Horse mackerel

The horse mackerel is a silver-coloured shoaling fish found in northern waters from the North Sea to the Norwegian Sea off Nord-Trøndelag. The season is mainly from August to October.


In the North-east Atlantic, the horse
mackerel is distributed from Africa
to approximately 66ºN, including the
Mediterranean Sea, the Black Sea and the
strait of Skagerrak.


Maximum 40 cm and 1.6 kg

Other names

Latin: Trachurus trachurus
Norwegian: Hestmakrell
English: Atlantic horse mackerel
French: Chinchard
German: Bastardmakrele
Danish: Hestemakrel
Spanish: Jurel
Finnish: Piikkimakrilli
Greek: Savrídi
Italian: Suro
Icelandic: Brynstirtla
Japanese: アジ
Dutch: Horsmakreel
Portuguese: Carapau
Polish: Ostrobok
Swedish: Taggmakrill
Turkish: Istavrit
Russian: Обыкновенная ставрида
Chinese: 竹荚鱼
Arabic: الاسقمري الحصان 􀇯 الماكريل الحصان

Nutritional content per 100 g horse mackerel (edible portion):

Energy: 974 kJ / 232 kcal 

Protein: 18.7 g
Fat: 15.8 g
Saturated fatty acids: 4.5 g
Mono unsaturated fatty acids: 6 g
Poly unsaturated fatty acids: 3.2 g
Omega-3: 0 g
Cholesterol: 52 mg

Vitamin E: 1.2 mg
Folate: 7 μg
Riboflavin: 0.15 mg
Vitamin B12: 6 μg

Iron: 1.4 mg
Selenium: 0.1 mg


The horse mackerel is characterised by the plate-shaped scales along the lateral line. It has barbs and an obvious dark spot on the back edge of the gill cover. The horse mackerel is a thermophilic, pelagic shoaling fi sh which stays between depths of 0 to 100 m. In the winter, the horse mackerel lives on bottom-dwelling animals, and in the summer it eats plankton, fry, herring, small sprats and octopus. In the North-east Atlantic, the horse mackerel is widespread from Africa to the North Sea. In the European fi shing areas, there are three stocks of horse mackerel which have been named after their spawning areas: the western stock, the southern stock and the North Sea stock. The southern stock spawns off Spain and Portugal, the western spawns west of Ireland and Great Britain, and the North sea stock spawns in the southern North Sea. When the horse mackerel has spawned, it wanders into the Norwegian Sea and the North sea to find food.


The Norwegian fi shery for horse mackerel takes place in the North Sea and the Norwegian Sea, with the high season from August to October. Usual fishing gear is purse seines or pelagic trawls.


Each year, Norwegian and international research provides a basis for advice on sustainable catch. Norway then conducts negotiations on quotas with other countries that fish for the same stocks. Based on this, the Norwegian Ministry of Trade, Industry and Fisheries allocates the Norwegian share to Norwegian fi shers. It is the authorities who grant a licence to everyone who participates in the industry, and provisions regarding quota allocation and conduct of the fi shery are determined through annual regulations for each individual type of fish (control regulations). The horse mackerel fi shery in the Norwegian zone in practice is not subject to a quota. The ICES makes stock assessments for horse mackerel in the North Sea and the Skagerrak and Kattegat straits. The stock is considered low, but relatively stable.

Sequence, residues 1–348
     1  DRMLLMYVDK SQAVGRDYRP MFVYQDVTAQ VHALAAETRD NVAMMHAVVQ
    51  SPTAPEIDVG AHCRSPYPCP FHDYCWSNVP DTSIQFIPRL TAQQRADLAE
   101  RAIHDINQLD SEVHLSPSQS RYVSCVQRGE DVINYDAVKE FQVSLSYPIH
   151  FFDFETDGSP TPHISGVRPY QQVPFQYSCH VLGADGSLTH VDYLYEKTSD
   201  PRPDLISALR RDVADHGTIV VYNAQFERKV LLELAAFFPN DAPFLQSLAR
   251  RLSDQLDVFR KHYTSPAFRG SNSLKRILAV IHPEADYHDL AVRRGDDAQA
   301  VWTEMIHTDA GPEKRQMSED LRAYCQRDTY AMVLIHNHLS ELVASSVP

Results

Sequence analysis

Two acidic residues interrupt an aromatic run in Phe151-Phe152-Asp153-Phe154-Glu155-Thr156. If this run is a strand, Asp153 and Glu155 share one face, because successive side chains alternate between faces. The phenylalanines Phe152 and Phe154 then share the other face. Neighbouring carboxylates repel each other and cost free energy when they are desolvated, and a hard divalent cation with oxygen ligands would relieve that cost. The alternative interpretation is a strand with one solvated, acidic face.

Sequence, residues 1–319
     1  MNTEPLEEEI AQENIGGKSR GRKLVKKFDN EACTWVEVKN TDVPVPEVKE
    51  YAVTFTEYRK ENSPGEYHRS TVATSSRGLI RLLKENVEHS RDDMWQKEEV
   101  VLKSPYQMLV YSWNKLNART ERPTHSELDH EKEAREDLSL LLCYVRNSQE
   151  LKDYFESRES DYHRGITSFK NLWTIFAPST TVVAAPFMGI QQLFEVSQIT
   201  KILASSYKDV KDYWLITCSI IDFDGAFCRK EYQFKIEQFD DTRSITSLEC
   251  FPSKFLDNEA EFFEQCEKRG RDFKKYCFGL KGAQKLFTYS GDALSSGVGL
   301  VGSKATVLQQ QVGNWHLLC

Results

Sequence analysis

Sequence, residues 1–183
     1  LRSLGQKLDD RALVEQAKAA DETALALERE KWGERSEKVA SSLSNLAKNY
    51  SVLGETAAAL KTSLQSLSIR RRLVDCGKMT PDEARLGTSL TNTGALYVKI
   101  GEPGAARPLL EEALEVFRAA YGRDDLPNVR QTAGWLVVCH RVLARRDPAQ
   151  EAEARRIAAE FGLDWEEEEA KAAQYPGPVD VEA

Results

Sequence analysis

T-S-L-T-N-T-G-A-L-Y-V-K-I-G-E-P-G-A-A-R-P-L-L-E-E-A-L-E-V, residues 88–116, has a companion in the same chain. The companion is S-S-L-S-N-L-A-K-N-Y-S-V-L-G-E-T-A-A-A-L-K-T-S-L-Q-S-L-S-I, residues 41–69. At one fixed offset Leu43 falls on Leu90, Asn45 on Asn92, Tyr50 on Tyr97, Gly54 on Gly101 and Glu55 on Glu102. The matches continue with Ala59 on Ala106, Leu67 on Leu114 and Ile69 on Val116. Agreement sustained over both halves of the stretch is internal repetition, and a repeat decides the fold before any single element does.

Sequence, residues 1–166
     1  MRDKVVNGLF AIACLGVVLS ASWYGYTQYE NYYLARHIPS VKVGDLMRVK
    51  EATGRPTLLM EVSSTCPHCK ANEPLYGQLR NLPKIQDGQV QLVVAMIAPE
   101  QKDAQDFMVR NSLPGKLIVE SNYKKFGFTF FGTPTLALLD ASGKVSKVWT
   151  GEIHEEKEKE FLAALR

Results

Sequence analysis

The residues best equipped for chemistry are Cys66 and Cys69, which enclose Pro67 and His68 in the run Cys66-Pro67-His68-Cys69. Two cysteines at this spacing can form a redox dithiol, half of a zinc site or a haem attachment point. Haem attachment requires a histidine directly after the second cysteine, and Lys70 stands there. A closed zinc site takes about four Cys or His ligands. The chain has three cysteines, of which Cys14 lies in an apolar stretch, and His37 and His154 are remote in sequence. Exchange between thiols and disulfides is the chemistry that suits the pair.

Food safety/quality control

The Norwegian seafood industry is subject to stringent requirements in order to ensure food safety. The control system consists of several bodies which jointly examine and monitor compliance with the requirements in all stages of the production chain. The bodies which supervise food are the Norwegian Food Safety Authority, the Norwegian National Institute
of Nutrition and Seafood Research (NIFES), the Norwegian Directorate of Fisheries and the Norwegian Ministry of Trade, Industry and Fisheries.

Nutritional content

Horse mackerel are an oily fi sh and are rich in marine omega-3 fatty acids. The fat content of the horse mackerel depends on the season. It is especially rich in:

  • Protein, which builds and maintains all the cells in the body.
  • Marine omega-3 fatty acids, which prevent cardiovascular disease and are important for the development of the brain.
  • Vitamin B12, which is important for the body's production of new cells, including red blood cells. Vitamin B12 can contribute to preventing anaemia.


Horse mackerel are primarily exported from Norway frozen or fresh. They are prepared in the same manner as sardines and are sold fresh or smoked in Southern Europe. They are also sold to a great extent in tins, and they are used as industrial fi sh in meal or oil production.

You can read more about horse mackerel here:

The information has been obtained from:

Pethon, P. (1998). Aschehougs store fiskebok. 4th edition Oslo: Aschehoug.